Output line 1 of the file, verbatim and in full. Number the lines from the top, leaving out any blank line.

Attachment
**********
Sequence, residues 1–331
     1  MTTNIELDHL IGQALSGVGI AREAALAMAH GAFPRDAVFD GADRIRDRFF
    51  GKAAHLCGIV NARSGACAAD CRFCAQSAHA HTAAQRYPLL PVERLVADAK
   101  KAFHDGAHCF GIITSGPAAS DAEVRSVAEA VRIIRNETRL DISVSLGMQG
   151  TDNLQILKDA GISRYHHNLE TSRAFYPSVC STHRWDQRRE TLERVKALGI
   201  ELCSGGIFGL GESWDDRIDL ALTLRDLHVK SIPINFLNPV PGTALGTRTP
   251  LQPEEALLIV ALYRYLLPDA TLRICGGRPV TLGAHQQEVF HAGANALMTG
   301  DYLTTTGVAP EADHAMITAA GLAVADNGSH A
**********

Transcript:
Sequence, residues 1–331